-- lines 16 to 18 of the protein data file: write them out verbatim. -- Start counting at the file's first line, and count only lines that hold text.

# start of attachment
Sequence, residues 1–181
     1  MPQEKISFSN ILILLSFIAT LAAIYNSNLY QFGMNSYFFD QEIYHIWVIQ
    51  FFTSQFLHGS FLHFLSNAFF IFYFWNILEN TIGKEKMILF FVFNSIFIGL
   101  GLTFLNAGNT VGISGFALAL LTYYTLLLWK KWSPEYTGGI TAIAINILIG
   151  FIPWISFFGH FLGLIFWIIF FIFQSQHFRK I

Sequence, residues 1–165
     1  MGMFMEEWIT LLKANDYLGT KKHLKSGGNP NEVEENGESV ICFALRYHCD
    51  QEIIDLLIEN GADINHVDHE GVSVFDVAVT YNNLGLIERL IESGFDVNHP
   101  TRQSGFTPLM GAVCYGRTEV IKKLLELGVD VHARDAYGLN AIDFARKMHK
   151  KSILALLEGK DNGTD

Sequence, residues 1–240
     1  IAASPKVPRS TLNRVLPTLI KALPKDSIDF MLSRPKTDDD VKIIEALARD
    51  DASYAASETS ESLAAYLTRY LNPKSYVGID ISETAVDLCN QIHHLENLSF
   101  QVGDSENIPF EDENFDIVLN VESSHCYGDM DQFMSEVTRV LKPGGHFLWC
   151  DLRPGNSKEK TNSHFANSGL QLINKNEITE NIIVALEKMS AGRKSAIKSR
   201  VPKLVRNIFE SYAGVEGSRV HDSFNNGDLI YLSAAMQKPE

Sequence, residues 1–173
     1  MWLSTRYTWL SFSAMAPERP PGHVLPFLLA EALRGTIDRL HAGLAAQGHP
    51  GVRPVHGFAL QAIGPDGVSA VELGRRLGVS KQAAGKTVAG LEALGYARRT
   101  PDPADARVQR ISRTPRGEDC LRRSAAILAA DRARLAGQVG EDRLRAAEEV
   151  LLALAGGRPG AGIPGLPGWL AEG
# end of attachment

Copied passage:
   201  VPKLVRNIFE SYAGVEGSRV HDSFNNGDLI YLSAAMQKPE

Sequence, residues 1–173
     1  MWLSTRYTWL SFSAMAPERP PGHVLPFLLA EALRGTIDRL HAGLAAQGHP